It is possible that a pancake wishes for legs in order to leap from your breakfast plate in search of a better, unchewed existence.
However, it has been discovered that legs are not required for something as flat as a flapjack to hop about. An international team of scientists has created a tortilla-shaped robot that can leap multiple times per second and more than seven times the height of its own body, which is half a centimetre. In their research, they claim that the robot, which is approximately the size of a squashed tennis ball and weighs about the same as a paper clip, nimbly executes these feats while having no visible feet or other means of support. This week, the journal Nature Communications published the results of their investigation.
Professor Shuguang Li of Harvard University’s robotics department, who was not engaged in the study, praised the new robot as “a creative notion” and “an significant addition to the soft robotics area.”
Many terrestrial robots, which are robots that prefer to be on the ground rather than in the air or water, move by rolling or walking instead of flying. A terrestrial robot’s ability to jump, on the other hand, can aid it in traversing unfamiliar territory and navigating rough terrain; in some cases.
Although the capacity to leap may provide a competitive advantage for certain robots, experts in the field of robotics have found it difficult to create such a capability. Some soft robots that store energy are capable of making a single, spectacular leap just once or twice a year. The ability to hop about extremely regularly in certain lightweight soft robots that do not store energy is limited, however, since they cannot leap high or far enough to properly clear a barrier such as a curb.
The ultimate leaping robot would be able to jump repeatedly and from great heights and distances. Dr. Chen, on the other hand, believes that “these two endeavours are diametrically opposed.” Leaping higher or further demands more energy, and jumping more often necessitates the accumulation and release of that energy over a shorter period of time, which is a difficult challenge for a small robot to do.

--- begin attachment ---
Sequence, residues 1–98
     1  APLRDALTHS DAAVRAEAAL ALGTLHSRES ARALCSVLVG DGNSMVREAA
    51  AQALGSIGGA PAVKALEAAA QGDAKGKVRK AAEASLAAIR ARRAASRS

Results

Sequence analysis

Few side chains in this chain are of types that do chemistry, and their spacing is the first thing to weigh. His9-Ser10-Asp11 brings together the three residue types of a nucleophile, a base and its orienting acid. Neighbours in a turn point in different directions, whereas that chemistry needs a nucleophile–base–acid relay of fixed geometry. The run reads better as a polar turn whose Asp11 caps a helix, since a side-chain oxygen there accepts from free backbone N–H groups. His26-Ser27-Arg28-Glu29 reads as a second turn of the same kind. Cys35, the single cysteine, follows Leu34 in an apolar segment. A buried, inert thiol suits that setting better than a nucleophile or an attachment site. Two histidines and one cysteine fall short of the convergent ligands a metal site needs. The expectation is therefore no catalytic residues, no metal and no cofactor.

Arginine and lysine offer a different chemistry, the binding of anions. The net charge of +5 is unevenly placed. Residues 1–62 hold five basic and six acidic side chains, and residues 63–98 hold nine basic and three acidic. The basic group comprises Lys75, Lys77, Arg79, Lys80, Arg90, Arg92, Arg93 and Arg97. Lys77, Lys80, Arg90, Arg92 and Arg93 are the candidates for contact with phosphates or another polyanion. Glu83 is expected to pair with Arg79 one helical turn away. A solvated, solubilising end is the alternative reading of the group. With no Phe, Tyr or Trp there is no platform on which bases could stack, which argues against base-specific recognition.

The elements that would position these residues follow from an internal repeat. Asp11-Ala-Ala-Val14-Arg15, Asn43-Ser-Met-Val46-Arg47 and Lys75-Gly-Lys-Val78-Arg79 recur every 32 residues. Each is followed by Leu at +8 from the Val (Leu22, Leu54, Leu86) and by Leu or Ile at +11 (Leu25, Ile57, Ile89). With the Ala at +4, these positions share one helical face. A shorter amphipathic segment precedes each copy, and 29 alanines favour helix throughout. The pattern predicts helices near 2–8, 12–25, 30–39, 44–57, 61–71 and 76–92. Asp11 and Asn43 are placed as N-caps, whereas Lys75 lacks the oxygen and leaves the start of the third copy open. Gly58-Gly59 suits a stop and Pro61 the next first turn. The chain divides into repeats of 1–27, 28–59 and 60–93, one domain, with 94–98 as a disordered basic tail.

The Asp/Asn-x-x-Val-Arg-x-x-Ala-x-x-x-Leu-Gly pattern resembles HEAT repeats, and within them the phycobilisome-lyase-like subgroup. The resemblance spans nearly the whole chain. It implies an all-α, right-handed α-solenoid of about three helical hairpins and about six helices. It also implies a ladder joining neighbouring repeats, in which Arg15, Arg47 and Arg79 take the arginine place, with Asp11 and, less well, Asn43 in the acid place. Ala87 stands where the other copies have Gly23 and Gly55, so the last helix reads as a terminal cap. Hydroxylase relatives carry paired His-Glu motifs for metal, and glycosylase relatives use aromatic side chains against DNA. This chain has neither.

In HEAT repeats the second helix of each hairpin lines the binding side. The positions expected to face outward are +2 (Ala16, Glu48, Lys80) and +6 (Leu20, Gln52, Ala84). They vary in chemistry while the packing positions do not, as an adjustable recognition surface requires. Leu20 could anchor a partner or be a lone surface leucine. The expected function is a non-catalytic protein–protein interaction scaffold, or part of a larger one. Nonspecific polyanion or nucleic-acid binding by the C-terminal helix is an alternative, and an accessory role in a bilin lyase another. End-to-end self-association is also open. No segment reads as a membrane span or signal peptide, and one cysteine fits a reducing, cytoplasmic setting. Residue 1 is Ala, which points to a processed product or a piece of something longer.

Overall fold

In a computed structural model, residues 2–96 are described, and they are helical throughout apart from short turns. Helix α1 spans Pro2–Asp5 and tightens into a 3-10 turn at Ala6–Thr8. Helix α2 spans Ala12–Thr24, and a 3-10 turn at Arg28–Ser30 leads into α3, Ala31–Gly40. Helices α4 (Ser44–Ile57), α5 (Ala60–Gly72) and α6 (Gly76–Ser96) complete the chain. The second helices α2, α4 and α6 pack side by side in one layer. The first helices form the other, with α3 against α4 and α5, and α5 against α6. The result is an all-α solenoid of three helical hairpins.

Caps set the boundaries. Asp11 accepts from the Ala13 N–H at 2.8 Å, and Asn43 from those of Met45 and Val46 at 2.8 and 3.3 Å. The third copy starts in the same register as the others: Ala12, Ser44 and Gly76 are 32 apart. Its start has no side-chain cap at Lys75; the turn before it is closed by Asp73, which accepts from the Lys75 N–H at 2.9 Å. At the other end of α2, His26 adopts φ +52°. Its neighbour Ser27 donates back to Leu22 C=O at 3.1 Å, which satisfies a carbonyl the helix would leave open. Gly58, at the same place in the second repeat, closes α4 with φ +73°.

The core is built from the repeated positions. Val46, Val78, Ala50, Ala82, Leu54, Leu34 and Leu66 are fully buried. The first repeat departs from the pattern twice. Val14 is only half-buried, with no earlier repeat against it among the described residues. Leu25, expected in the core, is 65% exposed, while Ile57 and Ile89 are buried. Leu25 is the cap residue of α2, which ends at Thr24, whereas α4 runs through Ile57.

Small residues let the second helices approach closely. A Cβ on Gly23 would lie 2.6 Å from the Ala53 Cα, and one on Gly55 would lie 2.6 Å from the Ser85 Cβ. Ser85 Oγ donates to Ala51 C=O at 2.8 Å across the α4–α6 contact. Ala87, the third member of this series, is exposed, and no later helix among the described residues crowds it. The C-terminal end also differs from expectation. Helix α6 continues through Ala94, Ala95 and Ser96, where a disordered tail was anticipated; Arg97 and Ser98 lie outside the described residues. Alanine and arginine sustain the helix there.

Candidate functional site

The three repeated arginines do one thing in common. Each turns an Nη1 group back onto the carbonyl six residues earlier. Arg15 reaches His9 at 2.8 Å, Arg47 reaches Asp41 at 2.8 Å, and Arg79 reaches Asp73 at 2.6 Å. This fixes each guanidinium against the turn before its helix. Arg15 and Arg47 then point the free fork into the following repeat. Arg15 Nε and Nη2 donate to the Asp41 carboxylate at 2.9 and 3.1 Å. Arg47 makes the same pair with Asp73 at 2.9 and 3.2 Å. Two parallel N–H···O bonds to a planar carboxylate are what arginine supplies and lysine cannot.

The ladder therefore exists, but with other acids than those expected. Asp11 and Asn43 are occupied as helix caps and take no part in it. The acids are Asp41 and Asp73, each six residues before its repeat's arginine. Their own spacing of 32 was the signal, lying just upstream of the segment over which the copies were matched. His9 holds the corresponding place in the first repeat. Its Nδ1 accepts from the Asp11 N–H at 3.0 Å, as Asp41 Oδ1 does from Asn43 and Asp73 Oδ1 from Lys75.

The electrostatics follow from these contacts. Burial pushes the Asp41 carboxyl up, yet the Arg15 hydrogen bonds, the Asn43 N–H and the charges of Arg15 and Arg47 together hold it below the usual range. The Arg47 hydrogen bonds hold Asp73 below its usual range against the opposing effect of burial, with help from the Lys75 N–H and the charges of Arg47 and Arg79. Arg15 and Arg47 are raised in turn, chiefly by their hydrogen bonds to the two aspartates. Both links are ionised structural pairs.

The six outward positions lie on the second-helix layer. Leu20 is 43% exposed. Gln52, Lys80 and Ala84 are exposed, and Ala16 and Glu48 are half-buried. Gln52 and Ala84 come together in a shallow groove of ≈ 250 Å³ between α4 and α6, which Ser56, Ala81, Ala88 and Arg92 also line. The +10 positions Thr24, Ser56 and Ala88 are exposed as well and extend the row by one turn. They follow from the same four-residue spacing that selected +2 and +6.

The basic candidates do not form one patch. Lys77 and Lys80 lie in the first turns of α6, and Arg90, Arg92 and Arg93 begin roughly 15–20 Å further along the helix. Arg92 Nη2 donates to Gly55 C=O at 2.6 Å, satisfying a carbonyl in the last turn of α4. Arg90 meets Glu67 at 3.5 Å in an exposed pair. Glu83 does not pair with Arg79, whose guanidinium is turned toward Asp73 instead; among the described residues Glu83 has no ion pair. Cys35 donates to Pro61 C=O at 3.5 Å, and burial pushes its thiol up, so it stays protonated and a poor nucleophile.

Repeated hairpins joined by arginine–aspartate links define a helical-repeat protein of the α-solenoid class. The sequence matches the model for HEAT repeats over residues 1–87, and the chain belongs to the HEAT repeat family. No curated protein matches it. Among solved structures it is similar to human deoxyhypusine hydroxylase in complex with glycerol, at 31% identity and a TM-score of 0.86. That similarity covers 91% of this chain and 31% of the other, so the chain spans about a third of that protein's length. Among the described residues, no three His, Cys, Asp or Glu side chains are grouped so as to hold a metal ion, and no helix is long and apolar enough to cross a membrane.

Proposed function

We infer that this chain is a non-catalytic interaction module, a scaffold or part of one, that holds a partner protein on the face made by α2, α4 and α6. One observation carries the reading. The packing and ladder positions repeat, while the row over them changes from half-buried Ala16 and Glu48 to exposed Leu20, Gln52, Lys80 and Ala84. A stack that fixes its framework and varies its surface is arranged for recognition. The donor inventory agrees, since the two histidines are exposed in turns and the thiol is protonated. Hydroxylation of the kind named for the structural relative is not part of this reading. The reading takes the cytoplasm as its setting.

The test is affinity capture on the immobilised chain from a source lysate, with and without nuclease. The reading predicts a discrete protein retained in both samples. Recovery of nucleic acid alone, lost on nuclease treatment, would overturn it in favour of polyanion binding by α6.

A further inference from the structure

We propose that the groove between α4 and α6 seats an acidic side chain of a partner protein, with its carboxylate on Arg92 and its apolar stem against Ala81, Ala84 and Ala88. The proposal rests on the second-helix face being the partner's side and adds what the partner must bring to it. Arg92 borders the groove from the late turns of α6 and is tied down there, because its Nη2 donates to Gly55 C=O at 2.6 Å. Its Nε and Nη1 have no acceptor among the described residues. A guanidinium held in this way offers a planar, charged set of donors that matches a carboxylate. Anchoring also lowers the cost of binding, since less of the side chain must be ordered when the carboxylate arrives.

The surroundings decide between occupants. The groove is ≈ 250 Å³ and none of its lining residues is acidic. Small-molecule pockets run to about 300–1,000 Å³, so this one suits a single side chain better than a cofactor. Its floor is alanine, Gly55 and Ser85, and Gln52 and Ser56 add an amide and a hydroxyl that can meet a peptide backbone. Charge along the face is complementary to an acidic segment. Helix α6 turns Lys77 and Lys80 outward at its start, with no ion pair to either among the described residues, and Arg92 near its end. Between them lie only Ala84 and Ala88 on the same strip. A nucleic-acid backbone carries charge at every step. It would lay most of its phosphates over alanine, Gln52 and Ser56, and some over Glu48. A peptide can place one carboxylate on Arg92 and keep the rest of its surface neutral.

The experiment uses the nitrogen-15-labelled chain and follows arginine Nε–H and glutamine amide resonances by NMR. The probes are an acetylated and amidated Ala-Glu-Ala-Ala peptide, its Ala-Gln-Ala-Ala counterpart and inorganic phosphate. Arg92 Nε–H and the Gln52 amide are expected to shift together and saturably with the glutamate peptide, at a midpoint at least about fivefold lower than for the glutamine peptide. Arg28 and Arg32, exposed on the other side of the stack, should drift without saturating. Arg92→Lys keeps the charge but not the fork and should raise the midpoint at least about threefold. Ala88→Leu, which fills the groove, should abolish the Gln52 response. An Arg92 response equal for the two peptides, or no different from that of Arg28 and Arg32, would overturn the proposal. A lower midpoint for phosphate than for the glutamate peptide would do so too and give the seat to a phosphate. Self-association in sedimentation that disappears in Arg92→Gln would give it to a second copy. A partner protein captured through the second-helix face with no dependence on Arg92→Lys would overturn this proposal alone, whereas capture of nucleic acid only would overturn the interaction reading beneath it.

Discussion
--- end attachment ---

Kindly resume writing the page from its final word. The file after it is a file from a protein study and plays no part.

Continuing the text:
As a result, the robot was able to leap quickly and constantly. But would it be able to overcome the obstacles? In order to find out, the researchers subjected the small robot to a battery of tests that were possibly as inspiring as Sylvester Stallone’s training sequence in the film “Rocky.”
The robot has to navigate through a variety of obstacles such as gravel mounds, slopes, and wires. It had to leap over a circular step that was five millimetres tall and traverse an empty ring that was eight millimetres height — all of which were huge obstacles for a robot that stood four millimetres tall and had a body the size of a pancake. All of these exams were passed with ease, if not elegantly, by the amateur acrobat.
Dr. Chen claims that the robot can also change directions on its own at a rate of around 138 degrees per second, making it the quickest turning speed of any soft jumping robot.
The robot is reliant on external power, which is delivered to it through electrical lines. Dr. Chen said that the researchers would want to make the robot wireless in future iterations, but that it would be difficult to maintain the robot small and lightweight at the same time.
The researchers recommend that sensors be integrated onto the small robot in order for it to be able to detect environmental variables such as pollution inside buildings. In the future, Dr. Li believes that the robot could be used for a variety of tasks, such as inspecting difficult-to-reach areas of large industrial machines or, if equipped with a small camera, conducting search-and-rescue missions for trapped people or animals in disaster zones because it can travel through small spaces. And, he said, the robot is small and inexpensive. “It would probably just cost a few bucks to put one together,” Dr. Li said.